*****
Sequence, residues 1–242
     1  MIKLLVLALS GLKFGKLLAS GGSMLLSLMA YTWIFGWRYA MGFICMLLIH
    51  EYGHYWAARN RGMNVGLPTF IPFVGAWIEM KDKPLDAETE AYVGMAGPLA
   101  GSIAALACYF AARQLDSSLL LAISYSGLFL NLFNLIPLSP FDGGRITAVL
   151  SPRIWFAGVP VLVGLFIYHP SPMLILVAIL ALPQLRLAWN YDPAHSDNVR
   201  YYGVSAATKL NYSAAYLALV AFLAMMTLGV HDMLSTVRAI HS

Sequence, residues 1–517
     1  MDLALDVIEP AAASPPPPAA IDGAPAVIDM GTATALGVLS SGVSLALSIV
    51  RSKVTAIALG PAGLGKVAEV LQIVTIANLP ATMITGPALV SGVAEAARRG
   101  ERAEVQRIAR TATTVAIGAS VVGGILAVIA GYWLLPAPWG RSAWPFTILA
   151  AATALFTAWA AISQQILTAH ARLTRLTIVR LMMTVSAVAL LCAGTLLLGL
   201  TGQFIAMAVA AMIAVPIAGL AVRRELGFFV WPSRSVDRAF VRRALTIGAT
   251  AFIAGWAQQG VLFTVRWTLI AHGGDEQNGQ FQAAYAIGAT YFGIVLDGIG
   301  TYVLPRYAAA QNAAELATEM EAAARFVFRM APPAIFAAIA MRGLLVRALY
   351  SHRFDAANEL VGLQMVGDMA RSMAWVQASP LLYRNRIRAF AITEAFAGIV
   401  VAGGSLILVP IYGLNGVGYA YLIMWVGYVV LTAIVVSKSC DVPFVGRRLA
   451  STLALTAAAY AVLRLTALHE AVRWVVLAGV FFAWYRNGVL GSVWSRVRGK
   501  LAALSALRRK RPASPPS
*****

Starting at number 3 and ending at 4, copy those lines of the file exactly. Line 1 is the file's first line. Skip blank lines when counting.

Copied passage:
    51  EYGHYWAARN RGMNVGLPTF IPFVGAWIEM KDKPLDAETE AYVGMAGPLA
   101  GSIAALACYF AARQLDSSLL LAISYSGLFL NLFNLIPLSP FDGGRITAVL